Just what the housing market needs, more expensive mortgage credit.

MORTGAGE rates are typically driven by the financial market’s outlook for long-term interest rates, but not always. Policy changes at Fannie Mae and Freddie Mac, the two government-sponsored companies that buy most mortgages issued by United States lenders, recently helped drive that point home.

This month, Fannie and Freddie increased the fees they charge lenders for many loans, effectively bumping up interest rates for many borrowers who have marginal credit. The companies also tightened their policies on refinance loans that enable an owner to take cash out of a home.

Fannie Mae was the first of the two mortgage companies to increase its fees for lenders, doubling its current charge on most loans, to a half of one percentage point, and Freddie quickly followed with similar fee changes. Professionals expect lenders to pass these charges along to borrowers by increasing the mortgage rates they quote.

Many owners with long-term mortgages refinanced their loans when interest rates were below 6 percent in recent years. Now that rates are inching higher, the only reasons that one might refinance a loan at a higher rate, lenders and brokers said, would be to extract cash or to shift from an adjustable-rate loan to a fixed-rate one. But Fannie and Freddie’s recent policy changes have reduced the number of people who qualify for such transactions.

Even those with excellent credit will not be able to take cash out of their homes if, after the loan, they have less than 15 percent equity in the homes. Previously, the threshold was 10 percent, and people with low credit scores could not get such deals.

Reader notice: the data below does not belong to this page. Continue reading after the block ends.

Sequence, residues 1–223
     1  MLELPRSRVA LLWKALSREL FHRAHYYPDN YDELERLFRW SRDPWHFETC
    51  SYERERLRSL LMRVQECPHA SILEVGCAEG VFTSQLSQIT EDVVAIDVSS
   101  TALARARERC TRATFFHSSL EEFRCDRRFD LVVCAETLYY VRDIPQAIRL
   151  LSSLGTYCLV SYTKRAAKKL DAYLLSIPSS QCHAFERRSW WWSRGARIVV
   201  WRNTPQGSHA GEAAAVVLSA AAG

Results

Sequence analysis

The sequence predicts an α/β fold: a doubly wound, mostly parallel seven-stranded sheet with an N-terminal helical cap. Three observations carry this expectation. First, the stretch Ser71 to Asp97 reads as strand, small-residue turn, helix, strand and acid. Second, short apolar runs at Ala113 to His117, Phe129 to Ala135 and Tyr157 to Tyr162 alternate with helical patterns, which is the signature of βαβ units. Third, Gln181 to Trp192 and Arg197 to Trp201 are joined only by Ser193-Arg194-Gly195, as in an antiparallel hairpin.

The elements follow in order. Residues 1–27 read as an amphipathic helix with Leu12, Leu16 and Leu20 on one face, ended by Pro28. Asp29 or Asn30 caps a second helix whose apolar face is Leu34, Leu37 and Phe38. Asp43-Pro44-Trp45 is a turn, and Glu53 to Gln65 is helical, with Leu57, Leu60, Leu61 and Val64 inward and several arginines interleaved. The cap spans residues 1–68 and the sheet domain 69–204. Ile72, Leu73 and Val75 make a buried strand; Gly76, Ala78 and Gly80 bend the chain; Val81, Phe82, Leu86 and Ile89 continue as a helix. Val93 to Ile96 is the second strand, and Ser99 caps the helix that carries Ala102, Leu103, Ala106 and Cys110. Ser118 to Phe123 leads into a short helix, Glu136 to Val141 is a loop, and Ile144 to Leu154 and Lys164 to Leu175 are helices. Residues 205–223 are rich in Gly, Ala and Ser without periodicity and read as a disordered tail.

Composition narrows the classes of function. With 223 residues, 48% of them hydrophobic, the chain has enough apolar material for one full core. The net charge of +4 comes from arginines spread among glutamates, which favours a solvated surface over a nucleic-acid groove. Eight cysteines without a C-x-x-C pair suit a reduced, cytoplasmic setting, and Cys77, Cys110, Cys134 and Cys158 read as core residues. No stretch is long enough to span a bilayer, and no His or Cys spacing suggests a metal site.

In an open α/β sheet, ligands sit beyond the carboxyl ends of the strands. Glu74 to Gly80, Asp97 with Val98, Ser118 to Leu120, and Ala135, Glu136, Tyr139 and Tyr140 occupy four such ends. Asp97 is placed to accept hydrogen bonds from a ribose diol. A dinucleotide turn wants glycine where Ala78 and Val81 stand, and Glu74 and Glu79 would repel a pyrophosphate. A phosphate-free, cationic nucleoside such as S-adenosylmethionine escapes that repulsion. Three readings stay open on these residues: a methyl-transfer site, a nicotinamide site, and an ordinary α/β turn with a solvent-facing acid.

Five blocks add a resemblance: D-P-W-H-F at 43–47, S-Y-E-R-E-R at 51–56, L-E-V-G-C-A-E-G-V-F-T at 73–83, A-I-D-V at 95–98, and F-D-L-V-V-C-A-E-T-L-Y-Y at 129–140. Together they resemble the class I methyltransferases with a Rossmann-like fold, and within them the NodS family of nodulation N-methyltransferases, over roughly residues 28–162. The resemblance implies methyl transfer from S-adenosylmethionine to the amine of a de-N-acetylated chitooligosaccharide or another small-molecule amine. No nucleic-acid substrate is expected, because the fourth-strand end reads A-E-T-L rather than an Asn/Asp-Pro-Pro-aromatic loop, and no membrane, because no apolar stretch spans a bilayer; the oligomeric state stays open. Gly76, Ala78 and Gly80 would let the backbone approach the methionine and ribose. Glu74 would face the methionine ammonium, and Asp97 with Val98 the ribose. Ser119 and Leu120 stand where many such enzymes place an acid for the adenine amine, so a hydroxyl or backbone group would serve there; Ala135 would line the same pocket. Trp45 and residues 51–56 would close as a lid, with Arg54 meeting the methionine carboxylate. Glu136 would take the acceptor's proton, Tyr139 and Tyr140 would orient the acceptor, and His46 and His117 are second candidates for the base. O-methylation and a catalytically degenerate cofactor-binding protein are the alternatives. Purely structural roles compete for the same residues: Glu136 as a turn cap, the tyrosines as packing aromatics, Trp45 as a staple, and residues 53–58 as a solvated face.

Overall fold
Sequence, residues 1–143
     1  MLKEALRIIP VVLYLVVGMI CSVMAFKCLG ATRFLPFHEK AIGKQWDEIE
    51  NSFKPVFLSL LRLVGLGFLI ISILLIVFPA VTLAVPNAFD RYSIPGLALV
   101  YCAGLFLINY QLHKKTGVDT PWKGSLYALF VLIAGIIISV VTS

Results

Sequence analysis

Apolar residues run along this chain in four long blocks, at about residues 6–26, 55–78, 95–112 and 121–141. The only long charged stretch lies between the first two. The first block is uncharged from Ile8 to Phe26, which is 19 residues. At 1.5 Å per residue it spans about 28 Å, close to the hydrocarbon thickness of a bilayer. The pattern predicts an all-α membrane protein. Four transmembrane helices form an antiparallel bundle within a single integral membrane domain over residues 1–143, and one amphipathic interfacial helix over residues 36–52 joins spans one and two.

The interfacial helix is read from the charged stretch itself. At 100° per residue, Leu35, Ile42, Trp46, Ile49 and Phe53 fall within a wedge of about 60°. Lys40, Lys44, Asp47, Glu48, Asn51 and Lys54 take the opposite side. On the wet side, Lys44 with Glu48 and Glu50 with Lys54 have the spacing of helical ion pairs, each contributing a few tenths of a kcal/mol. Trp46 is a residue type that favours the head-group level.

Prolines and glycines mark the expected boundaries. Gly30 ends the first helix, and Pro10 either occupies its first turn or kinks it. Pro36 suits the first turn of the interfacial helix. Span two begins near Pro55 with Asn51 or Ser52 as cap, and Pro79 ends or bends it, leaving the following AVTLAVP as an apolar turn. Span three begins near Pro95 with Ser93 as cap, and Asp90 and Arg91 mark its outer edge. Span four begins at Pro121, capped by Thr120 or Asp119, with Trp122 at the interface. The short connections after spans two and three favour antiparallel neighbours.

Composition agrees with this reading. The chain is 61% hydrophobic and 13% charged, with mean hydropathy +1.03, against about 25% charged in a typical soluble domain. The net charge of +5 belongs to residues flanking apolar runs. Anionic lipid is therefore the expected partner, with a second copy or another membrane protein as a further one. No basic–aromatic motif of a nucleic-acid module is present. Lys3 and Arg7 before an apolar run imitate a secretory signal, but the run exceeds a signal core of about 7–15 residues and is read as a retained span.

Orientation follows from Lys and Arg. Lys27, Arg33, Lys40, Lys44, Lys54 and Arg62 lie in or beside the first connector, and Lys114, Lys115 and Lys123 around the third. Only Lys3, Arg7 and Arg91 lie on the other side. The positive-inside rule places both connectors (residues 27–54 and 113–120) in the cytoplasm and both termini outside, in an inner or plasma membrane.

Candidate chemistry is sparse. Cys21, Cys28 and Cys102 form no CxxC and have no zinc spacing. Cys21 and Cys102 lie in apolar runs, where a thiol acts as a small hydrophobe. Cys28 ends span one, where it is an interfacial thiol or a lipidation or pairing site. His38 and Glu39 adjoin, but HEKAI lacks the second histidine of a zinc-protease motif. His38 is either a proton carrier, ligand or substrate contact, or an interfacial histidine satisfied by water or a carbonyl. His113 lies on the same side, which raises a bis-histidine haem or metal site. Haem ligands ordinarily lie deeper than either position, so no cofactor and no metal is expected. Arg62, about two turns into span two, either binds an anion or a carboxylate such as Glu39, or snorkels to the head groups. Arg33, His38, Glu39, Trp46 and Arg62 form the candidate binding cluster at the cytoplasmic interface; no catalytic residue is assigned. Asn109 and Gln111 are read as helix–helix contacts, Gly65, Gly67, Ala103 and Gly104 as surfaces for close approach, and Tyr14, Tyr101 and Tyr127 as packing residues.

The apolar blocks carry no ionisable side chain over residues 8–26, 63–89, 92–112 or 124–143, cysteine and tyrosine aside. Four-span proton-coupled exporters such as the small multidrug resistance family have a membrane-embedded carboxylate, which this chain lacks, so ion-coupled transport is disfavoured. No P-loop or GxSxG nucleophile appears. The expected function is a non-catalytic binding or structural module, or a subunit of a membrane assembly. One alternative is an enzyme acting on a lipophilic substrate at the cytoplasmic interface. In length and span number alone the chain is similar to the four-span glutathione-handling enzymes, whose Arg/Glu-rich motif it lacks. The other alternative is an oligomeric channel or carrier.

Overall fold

Thatcher Zuse, president of Sound Mortgage, a Connecticut mortgage brokerage firm, said that on a $400,000 home, the changes reduce the equity available to owners by $20,000, on top of any decline in home value. ” A lot of people have already cashed out,” he said, ” but for the ones who haven’t, this takes a lot of money off the table.” (emphasis mine)


I expect homes prices to continue to fall steeply for most areas since mortgage money continues to tighten. I’m not a mortgage market expert but it seems to me that after prices bottom out, there will be tremendous opportunities for new lenders to enter the mortgage market while it still has huge yield spread premiums but little downward price potential. It will likely take the established, shell-shocked bureaucracies a long time to figure out the game has changed and to take baby steps to change their now too conservative lending policies.

Those with cash or access to credit may be able to do very well indeed on their direct real estate investments as well.